I caught each wave I was sent for after that, with each one learning a new skill; how to adjust my feet, pop up quicker and even swerving around another surfer who’d come off their board. Just as I was feeling quite pleased with myself, the waves picked up and I was taught a valuable lesson about protecting your head when emerging from under the waves. After the second knock on the head, I figured it was time to head back to dry land and retire my board until the next day. The sun now at its most powerful, we grabbed a beach bed in the shade and snoozed away the afternoon until the surf picked back up in time for Jonny to head out as I watched dutifully from the beach.
That evening we brought the New Year in in style with a three-course dinner at Cafe Ceylon. Tuna sashimi and fresh oysters to start, lobster prawns and skin-crusted snapper for the main, and for dessert a brandy snap pudding.
We’d taken our time savouring each mouthful, tasting the freshness of the seafood that had been caught that day from the very same waves we were gazing out at. So consumed by the food, we barely noticed the time slipping by but thankfully it dawned on us in time to grab a tuk tuk up to the busier end of the beach to join the party at Funky De Bar. A mix of travellers and locals poured out of the bar and onto the sandy beach where we stood watching the fireworks go off as the clock struck midnight.
The next day followed much of the same; surf, sleep and eat. It was Poya Day on 1st January – a day to honour the full moon – and so no alcohol was served which was no bad thing as it was my intention to get up early again for another sunrise yoga session at the hotel next door. After three days recovering from jetlag plus adding in both daily surf and yoga, I decided it was a day to take it easy and so we headed further south from our hotel to explore the other end of the beach. We stopped to watch some local fishermen pulling in the nets with their catch and, friendly as ever, they asked if we wanted to join in. I gave it a go for a couple of minutes but soon gave up and settled for admiring the fishing boats further down the beach instead.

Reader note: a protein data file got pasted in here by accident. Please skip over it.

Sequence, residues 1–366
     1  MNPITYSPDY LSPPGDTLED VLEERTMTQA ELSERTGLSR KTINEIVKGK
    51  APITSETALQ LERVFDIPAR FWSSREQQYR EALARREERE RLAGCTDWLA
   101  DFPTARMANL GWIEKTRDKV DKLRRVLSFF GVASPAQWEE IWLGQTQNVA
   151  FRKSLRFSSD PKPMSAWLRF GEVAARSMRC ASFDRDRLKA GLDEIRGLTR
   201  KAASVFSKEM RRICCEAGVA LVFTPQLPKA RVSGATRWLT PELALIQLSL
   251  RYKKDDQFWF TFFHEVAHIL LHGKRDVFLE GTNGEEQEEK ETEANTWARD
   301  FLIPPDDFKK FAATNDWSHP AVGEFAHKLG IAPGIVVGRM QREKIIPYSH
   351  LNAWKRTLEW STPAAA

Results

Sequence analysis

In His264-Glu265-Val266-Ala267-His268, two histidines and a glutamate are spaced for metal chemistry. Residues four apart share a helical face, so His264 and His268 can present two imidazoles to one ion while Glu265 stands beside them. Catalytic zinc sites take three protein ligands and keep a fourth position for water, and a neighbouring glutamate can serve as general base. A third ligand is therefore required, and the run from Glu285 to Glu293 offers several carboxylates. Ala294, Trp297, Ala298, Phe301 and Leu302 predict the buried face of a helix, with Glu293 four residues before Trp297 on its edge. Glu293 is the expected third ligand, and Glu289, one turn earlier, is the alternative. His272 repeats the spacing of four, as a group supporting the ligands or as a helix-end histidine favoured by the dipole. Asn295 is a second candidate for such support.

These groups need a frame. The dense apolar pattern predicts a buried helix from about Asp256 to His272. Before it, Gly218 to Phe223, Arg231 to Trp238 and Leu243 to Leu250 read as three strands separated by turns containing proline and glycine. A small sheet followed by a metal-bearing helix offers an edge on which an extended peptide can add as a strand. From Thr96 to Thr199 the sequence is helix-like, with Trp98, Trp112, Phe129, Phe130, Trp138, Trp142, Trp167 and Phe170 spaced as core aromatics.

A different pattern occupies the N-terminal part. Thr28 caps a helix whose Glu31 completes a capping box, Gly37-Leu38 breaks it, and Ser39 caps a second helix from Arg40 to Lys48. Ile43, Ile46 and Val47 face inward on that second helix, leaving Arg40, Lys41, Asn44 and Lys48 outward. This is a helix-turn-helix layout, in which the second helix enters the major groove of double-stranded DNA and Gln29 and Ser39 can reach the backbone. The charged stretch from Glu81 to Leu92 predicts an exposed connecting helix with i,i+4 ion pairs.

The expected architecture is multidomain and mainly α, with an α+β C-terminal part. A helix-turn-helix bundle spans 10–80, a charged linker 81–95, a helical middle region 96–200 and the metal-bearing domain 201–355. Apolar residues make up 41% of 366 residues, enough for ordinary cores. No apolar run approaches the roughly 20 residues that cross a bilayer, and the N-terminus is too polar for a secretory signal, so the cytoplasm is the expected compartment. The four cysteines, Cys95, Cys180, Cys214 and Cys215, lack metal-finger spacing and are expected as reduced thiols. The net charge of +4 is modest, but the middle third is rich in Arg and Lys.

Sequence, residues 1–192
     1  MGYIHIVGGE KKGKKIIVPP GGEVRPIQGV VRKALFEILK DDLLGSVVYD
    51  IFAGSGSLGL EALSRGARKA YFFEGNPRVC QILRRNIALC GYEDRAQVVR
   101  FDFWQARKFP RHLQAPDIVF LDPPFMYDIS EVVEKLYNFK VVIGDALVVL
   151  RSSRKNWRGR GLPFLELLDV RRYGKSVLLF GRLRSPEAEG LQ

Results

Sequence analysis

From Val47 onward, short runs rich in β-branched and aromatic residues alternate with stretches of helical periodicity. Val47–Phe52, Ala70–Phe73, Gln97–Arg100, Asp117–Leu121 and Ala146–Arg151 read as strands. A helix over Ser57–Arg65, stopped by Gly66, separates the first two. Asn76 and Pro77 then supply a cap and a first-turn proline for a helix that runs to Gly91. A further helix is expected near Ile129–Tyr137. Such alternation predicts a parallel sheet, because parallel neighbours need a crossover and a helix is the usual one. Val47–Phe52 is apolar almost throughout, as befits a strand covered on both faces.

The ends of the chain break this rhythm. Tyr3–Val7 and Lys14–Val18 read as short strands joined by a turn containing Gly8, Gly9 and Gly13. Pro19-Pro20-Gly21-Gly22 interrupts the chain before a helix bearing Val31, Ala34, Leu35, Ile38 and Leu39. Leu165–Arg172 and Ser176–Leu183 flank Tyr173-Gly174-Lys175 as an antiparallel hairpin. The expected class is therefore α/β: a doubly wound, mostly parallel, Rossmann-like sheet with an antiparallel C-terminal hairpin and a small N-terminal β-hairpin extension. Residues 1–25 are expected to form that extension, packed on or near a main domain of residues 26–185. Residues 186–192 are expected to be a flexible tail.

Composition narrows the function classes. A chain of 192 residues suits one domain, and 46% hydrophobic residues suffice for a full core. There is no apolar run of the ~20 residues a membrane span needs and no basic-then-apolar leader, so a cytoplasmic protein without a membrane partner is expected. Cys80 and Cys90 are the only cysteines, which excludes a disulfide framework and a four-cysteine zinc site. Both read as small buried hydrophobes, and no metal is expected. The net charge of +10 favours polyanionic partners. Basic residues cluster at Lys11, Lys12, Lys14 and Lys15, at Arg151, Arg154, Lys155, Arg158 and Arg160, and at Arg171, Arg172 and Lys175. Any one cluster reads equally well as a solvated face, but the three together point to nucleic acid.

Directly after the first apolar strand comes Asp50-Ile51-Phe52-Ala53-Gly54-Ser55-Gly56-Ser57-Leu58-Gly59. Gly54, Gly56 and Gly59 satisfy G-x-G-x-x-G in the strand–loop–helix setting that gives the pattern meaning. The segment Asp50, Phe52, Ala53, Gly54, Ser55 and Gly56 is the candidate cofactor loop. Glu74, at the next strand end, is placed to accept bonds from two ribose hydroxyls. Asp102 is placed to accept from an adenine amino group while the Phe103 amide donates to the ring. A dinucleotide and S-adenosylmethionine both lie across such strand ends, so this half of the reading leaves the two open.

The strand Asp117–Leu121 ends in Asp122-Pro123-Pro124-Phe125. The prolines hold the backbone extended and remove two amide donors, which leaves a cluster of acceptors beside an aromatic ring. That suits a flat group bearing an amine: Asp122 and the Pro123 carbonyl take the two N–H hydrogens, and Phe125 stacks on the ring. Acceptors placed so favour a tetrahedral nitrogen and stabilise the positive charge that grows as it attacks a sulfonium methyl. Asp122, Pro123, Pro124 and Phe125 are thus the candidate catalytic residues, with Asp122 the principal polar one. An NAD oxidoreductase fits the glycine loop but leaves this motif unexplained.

Earlier that day we’d been stopped by a local man who’d asked if we were interested in a tour of the nearby lagoon. I was a bit dubious at first, I’m not used to taking a tour from someone who doesn’t appear to be from an official company or that hasn’t been recommended – I guess that wariness comes with solo travelling. But with Jonny there, I knew we would be fine and besides, I wasn’t having any gut feeling that it was a bad idea. We met at the agreed time and spot and wandered quietly through his local village, noticing the simplicity of life in such a small town compared to the bustle of London that we’re used to at home. It’s always a strange experience going away to another country that is supposedly less developed than our own. You see a more humble way of living, but for the most part it actually seems to be more appealing. I suppose we are only getting a glimpse at the tranquil village and not really seeing how hard the locals have to work.
We stopped at the edge of the lake where we climbed aboard the man’s long boat, popping our little wooden seats in place as he began to row us across the expansive lake, through coves where we spotted varans (crocodile-like creatures!), jumping fish and monkeys playing in the trees. We glided past a small island in the middle of the lake which is inhabited by Buddhist monks, although sadly we weren’t allowed to stop and explore. We did stop at another spot though where we visited a colourfully decorated Buddhist temple before heading back to the village and taking the slow walk home. It actually turned out pretty well to have this unique personalised experience, just the three of us on a boat on this tranquil lake.
That evening we got more of a taste of the local life when we asked our tuktuk driver to drop us off at ‘the best spot for Sri Lankan curry’. We stopped at Homegrown where dinner was just 500 rupees (£2.50) and included the most delicious curry, dhal, rice and vegetables. Sadly we were moving on to Weligama the next day or I think there might have been several return visits!
Click here for Part 2…